Beyond Incompatibility: Trade-offs between Mutually Exclusive Fairness Criteria in Machine Learning and Law
Trustworthy AI is becoming ever more important in both the machine learning and legal domains. One important consequence is that decision makers must seek to guarantee a `fair’, i.e., non-discriminatory, algorithmic decision procedure. However, there are several competing notions of algorithmic fairness that have been shown to be mutually incompatible under realistic factual assumptions. This concerns, for example, the widely used fairness measures of ‘calibration within groups’ and ‘balance for the positive/negative class’. Indeed, the COMPAS algorithm, which predicts recidivism risk of criminal offenders, exhibits racial bias according to the balance metrics, but not regarding calibration.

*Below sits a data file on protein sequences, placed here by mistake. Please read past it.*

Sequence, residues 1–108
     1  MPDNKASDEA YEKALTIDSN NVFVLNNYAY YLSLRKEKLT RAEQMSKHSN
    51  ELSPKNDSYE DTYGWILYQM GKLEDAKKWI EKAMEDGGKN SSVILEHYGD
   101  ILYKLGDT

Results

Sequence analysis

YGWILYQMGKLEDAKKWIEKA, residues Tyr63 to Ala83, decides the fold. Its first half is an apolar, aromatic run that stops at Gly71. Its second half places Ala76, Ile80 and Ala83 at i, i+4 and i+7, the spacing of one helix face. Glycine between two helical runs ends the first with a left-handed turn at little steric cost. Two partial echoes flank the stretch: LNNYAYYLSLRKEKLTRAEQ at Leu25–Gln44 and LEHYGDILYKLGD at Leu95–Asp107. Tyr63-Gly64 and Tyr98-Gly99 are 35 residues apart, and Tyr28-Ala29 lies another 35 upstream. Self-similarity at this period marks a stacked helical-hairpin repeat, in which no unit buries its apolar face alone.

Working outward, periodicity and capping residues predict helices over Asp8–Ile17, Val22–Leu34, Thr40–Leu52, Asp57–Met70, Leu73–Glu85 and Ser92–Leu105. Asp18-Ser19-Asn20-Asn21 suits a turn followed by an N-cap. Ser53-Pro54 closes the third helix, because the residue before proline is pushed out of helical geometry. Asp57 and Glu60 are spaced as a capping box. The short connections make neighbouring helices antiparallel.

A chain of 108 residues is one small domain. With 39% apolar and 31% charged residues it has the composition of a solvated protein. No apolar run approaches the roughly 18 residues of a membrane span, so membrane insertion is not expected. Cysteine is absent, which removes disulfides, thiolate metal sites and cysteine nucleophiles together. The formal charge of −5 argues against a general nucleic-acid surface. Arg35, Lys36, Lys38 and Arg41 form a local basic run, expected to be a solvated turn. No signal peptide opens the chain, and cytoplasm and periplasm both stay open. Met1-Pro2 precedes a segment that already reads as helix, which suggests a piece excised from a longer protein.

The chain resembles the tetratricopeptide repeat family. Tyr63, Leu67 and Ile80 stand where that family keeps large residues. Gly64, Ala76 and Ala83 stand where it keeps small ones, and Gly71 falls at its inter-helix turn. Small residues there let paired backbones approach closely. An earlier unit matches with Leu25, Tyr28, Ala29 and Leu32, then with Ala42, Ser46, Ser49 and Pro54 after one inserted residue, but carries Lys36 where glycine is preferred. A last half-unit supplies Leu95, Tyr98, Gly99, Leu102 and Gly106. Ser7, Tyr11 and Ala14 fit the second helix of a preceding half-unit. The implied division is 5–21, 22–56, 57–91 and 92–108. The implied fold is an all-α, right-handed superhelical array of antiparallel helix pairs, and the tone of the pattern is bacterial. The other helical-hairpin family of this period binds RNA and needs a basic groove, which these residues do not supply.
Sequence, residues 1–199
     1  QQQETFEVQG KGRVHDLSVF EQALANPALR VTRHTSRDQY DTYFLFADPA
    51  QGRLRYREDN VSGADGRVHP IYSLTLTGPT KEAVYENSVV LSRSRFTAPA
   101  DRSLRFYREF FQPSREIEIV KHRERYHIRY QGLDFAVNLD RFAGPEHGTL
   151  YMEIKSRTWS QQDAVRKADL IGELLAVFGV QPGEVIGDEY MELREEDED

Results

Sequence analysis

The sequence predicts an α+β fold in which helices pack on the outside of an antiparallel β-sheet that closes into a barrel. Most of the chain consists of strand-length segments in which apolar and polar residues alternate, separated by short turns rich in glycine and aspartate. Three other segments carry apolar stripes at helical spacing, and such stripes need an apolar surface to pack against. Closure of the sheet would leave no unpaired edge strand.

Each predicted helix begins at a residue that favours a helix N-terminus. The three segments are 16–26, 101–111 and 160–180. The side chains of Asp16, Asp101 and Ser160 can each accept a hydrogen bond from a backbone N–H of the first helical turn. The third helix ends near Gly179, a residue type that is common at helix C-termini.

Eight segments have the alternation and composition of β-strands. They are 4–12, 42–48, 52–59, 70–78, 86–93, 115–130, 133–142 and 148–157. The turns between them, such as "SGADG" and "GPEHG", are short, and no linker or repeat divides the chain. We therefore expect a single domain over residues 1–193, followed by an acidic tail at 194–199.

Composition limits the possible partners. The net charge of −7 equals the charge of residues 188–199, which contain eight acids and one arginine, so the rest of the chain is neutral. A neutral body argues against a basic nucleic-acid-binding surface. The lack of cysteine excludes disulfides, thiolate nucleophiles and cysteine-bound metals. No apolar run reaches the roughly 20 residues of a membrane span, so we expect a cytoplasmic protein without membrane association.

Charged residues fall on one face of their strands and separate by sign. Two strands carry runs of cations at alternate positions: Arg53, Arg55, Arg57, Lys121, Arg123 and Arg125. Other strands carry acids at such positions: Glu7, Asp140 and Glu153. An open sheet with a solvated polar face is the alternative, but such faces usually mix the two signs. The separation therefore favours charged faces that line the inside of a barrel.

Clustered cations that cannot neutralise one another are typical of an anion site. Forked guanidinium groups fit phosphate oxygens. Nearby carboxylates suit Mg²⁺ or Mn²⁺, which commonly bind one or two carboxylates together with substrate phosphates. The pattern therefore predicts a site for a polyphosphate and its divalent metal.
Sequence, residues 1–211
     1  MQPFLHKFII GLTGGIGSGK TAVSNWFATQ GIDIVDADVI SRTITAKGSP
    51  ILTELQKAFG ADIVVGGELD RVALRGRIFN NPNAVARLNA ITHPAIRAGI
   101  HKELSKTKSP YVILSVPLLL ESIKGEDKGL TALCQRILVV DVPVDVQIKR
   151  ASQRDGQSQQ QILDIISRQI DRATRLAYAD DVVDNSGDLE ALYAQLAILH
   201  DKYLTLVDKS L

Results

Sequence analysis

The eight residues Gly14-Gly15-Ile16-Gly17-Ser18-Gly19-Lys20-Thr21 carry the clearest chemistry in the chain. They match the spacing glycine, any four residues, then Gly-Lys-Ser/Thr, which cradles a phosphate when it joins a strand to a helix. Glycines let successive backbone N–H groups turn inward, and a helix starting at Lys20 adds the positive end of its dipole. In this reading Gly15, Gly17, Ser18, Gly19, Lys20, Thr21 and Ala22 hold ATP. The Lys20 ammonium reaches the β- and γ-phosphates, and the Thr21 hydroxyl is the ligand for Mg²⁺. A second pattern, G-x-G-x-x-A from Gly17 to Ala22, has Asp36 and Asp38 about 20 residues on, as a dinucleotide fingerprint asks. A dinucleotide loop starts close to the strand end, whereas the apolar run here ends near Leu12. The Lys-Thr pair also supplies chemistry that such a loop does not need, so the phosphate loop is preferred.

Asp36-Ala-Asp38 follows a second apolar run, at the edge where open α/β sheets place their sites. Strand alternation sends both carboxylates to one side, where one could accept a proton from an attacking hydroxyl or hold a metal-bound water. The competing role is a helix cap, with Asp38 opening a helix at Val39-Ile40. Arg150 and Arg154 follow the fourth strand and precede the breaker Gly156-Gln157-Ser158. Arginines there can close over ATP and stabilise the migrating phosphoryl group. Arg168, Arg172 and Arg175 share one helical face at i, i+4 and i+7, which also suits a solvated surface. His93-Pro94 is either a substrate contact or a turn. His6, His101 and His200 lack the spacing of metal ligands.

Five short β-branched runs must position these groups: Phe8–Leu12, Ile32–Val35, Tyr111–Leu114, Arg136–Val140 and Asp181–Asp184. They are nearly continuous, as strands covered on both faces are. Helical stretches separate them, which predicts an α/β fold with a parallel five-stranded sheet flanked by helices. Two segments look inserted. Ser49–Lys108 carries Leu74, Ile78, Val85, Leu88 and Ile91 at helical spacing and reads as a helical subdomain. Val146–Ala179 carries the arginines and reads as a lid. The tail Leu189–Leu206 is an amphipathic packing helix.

In this paper, we present a novel algorithm (FAIM) for continuously interpolating between these three fairness criteria. Thus, an initially unfair prediction can be remedied to at least partially meet a desired, weighted combination of the respective fairness conditions. The algorithm relies on methods from the mathematical theory of optimal transport.
We demonstrate the effectiveness of our algorithm when applied to synthetic data, the COMPAS dataset, and a new, real-world dataset from the e-commerce sector. Finally, we discuss to what extent FAIM can be harnessed to comply with conflicting legal obligations. The analysis suggests that it may operationalize duties in traditional legal fields, such as credit scoring and criminal justice proceedings, but also for the latest AI regulation put forth in the EU, like the recently enacted Digital Markets Act.
The talk will take place in person on Friday, December 16, at 3 pm @ CSH Salon
If you would like to attend, please email to firstname.lastname@example.org.